United States District Court, D. Nevada
ORDER (1) GRANTING PLAINTIFF'S MOTION FOR SUMMARY
JUDGMENT AND (2) DENYING DEFENDANTS' MOTIONS FOR SUMMARY
JUDGMENT [ECF NOS. 53, 54, 64]
P. GORDON UNITED STATES DISTRICT JUDGE.
Bank of New York Mellon (BONY) sues to determine whether a
deed of trust encumbering property located at 6108 Dogwood
Falls Court in North Las Vegas, Nevada was extinguished by a
nonjudicial foreclosure sale conducted by a homeowners
association (HOA), defendant Azure Estates Owners Association
(Azure). Falls Family Trust purchased the property at the
foreclosure sale and later quitclaimed the property to
defendant Ricardo Fojas (Fojas). BONY seeks a declaration
that the deed of trust still encumbers the property and it
asserts alternative damages claims against Azure and
Azure's foreclosure agent, defendant Nevada Association
Services, Inc. (NAS). BONY also seeks to judicially foreclose
on the former homeowners, defendants Michael and Stephanie
Rumpel, or alternatively to obtain damages against Michael
Rumpel for breach of contract. Fojas counterclaims for
declaratory relief that the HOA sale extinguished the deed of
trust. Fojas also filed cross-claims against Azure and NAS
for damages if it is determined that the deed of trust
survived the foreclosure sale.
moves for summary judgment, arguing that its prior loan
servicer, BAC Home Loans Servicing, LP (BAC), tendered the
superpriority amount and thereby preserved the deed of trust.
Azure moves for summary judgment, arguing it had a good faith
basis to reject the tender, the tender was impermissibly
conditional, and there is no basis for the damages claims
against it because there was nothing wrongful about the
foreclosure. Fojas moves for summary judgment, adopting
Azure's good faith argument and arguing that the equities
weigh in his favor as a bona fide purchaser. Fojas argues for
the first time in his reply brief that the tender should have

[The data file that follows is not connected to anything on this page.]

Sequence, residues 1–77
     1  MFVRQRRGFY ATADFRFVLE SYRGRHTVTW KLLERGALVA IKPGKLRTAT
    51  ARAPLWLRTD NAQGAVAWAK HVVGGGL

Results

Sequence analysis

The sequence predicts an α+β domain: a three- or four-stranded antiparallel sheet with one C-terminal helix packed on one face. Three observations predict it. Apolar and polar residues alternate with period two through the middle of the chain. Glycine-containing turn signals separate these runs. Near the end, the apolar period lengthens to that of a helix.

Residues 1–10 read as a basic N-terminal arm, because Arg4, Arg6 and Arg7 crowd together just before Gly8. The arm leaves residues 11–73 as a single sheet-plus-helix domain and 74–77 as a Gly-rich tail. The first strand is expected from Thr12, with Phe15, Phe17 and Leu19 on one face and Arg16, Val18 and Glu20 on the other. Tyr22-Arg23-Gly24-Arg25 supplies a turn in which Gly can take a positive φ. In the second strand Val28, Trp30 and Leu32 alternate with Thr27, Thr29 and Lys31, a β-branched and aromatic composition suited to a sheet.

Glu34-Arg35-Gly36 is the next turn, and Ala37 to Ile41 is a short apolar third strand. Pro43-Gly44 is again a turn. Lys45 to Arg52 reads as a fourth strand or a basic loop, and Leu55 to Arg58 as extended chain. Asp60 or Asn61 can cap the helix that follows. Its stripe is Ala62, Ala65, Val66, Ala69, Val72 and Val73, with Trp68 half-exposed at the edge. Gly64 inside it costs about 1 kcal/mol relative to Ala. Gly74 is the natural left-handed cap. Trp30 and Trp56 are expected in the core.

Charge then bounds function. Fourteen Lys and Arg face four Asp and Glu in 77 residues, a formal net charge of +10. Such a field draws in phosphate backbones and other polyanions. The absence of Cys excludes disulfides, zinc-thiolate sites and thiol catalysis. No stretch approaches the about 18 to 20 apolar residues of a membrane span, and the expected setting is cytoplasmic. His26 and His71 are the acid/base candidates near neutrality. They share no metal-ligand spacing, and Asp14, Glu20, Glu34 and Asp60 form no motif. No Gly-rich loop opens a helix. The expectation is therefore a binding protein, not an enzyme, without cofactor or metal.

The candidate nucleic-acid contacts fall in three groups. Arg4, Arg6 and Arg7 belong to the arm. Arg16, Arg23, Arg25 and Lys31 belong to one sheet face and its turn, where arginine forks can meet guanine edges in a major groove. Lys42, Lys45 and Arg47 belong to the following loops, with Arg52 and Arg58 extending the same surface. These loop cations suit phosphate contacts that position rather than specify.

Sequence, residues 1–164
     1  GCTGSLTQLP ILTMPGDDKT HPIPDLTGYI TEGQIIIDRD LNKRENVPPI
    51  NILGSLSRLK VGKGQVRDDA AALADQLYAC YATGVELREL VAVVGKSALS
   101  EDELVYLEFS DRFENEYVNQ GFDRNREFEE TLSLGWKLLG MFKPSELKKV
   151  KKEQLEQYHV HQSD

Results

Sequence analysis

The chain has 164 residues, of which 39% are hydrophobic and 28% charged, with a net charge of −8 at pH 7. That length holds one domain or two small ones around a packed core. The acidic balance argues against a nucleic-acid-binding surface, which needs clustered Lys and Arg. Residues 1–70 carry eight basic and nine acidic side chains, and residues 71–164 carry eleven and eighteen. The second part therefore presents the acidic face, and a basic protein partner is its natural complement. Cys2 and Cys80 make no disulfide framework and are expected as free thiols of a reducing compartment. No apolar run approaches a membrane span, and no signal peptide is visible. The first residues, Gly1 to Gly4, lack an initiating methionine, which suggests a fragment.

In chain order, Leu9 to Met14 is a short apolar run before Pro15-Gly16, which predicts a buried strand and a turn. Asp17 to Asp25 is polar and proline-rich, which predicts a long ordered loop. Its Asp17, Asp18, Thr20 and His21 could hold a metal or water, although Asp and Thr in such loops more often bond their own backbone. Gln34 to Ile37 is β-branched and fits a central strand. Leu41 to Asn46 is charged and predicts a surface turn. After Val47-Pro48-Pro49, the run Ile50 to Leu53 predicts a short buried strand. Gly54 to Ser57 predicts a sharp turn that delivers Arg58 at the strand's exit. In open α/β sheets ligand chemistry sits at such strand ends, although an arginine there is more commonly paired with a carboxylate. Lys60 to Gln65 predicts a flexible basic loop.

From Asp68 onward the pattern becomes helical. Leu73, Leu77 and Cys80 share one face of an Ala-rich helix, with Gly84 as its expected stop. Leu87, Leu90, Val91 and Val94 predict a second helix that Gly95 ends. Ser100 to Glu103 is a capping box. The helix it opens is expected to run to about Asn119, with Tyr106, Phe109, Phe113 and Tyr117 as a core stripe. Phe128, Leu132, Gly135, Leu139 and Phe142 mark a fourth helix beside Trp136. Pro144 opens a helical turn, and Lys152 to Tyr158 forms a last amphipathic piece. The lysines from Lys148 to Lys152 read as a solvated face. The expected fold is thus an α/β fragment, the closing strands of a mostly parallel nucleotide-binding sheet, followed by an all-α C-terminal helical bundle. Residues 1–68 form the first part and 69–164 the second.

been recorded. He also argues for the first time in his reply
brief that BONY's motion should be denied as premature
because the judicial foreclosure claim is still pending and
the Rumpels have not filed an answer to the complaint.
parties are familiar with the facts so I do not repeat them
here except where necessary. I grant BONY's motion and
deny Azure's and Fojas's motions because no genuine
dispute remains that BAC tendered the superpriority amount,
thereby extinguishing the superpriority lien and rendering
the sale void as to the deed of trust. I dismiss as moot
BONY's alternative damages claims against Azure and NAS.
BONY's judicial foreclosure and alternative breach of
contract claims and Fojas's cross-claims against Azure
and NAS remain pending because no party moved for judgment on
judgment is appropriate if the movant shows “there is
no genuine dispute as to any material fact and the movant is
entitled to judgment as a matter of law.” Fed.R.Civ.P.
56(a), (c). A fact is material if it “might affect the
outcome of the suit under the governing law.”
Anderson v. Liberty Lobby, Inc., 477 U.S. 242, 248
(1986). A dispute is genuine if “the evidence is such
that a reasonable jury could return a verdict for the
nonmoving party.” Id.
party seeking summary judgment bears the initial burden of
informing the court of the basis for its motion and
identifying those portions of the record that demonstrate the
absence of a genuine issue of material fact. Celotex